LINCOLN — What’s the number one issue with Nebraskans? Senator Tom Briese of Boone, says it’s property tax reform.
“Because everywhere I go folks are concerned about their property tax burden,” Briese said. “And when you look at the numbers, you can understand why people have a lot of angst over the property tax situation.”
Those numbers he mentioned… well property tax on agricultural land has soared by nearly 164 percent in the last decade according to the Nebraska Department of Revenue. Additionally, a poll sponsored by the interest group Reform for Nebraska’s Future says 62 percent of Nebraskans think property taxes are too high, compared to only 14 percent indicating income tax and just four percent identifying sales taxes.
Governor Pete Ricketts proposed a property tax reform plan would switch from a system that relies on land sale prices to value property to one that focuses on how much income it could potentially produce. If such a system were in place this year, it would have reduced the statewide taxable value of Nebraska’s agricultural land by 2 percent.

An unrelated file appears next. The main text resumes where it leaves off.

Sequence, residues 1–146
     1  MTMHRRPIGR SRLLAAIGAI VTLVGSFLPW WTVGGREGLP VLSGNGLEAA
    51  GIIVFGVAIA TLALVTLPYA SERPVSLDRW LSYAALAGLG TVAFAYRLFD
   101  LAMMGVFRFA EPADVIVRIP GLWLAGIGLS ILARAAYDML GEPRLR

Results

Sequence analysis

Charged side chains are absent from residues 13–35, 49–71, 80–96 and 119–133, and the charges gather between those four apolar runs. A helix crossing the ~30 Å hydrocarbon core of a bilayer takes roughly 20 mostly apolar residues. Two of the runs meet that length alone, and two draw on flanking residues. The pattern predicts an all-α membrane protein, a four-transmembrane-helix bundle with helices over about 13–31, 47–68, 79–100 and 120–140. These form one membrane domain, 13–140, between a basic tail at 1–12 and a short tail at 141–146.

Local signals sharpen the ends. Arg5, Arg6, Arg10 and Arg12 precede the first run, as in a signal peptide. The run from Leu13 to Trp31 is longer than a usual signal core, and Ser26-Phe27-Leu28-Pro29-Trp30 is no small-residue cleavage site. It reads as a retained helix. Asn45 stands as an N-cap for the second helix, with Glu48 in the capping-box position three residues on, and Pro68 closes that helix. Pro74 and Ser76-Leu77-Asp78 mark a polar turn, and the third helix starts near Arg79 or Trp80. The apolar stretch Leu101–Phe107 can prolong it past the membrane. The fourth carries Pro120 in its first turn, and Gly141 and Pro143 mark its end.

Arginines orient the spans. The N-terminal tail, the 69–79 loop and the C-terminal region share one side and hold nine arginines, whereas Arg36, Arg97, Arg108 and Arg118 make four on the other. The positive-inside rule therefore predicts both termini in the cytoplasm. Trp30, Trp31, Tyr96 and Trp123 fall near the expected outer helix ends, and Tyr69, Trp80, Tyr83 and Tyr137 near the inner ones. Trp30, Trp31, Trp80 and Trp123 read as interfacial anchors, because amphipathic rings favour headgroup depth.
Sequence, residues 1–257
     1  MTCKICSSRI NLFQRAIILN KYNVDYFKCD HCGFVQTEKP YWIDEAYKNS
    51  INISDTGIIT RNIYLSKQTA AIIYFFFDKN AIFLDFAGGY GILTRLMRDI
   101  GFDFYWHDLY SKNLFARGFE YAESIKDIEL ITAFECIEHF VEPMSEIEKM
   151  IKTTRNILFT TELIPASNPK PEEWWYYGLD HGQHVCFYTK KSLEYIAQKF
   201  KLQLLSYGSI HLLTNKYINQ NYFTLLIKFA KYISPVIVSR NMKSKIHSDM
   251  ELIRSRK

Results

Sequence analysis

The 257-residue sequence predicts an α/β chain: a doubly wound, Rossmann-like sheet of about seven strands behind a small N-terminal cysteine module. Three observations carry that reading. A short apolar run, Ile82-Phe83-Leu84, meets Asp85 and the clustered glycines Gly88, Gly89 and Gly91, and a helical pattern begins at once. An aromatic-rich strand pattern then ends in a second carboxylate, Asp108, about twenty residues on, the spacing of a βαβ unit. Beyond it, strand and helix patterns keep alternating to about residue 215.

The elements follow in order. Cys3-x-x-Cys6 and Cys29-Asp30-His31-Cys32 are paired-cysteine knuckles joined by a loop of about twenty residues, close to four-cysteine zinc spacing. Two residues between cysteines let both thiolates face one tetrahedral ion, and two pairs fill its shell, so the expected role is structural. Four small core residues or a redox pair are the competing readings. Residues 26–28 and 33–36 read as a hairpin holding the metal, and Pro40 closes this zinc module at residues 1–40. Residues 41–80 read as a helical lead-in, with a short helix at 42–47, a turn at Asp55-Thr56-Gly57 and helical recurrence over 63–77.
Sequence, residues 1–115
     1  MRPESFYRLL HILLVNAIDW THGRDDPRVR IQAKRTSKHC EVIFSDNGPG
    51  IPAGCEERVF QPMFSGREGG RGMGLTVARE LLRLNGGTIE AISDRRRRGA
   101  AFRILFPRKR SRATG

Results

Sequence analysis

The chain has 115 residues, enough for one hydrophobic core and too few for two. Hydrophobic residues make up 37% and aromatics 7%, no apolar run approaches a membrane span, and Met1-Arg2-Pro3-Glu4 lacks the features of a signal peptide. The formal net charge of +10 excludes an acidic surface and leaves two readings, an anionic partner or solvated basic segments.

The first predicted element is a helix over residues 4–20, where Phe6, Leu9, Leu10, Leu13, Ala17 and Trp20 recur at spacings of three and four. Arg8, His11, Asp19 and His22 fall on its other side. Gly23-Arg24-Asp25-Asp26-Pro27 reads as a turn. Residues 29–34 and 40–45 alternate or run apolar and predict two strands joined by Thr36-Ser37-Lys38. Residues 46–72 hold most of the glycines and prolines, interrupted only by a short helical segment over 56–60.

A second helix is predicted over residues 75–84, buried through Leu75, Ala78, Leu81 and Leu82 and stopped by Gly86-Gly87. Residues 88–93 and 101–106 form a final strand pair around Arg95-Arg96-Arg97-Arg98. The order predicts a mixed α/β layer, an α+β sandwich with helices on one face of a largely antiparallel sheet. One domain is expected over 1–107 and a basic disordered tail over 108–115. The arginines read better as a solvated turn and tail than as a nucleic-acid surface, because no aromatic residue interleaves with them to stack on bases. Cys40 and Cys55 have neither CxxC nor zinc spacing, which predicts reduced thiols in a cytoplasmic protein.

Briese says that isn’t enough. He introduced two bills in the legislature to address the issue. LB 312 is a one cent increase in sales tax rate, with a portion of funds going to earned income credit and the remaining balance going to the property tax credit fund… which would provide relief to all property owners.
“What I’ve tried to design here is a system of tax relief that is driven by principles of fairness and consistency and not by special interests,” Briese said.
His second bill, LB 313 expands the sales tax base by bringing more goods and services into the base. Those funds would be distributed the same way as his other bill.
Briese, like many farm groups, support the governor’s proposal, but thinks it needs to go further.
“We can work around the edges on property tax relief, and I support those efforts, but what I’ve proposed here is something that I believe will give Nebraskans the property tax relief that they’re demanding and the property tax relief that they deserve,” Briese said.
Briese’s bills are scheduled for a hearing before the Revenue Committee on March 1st.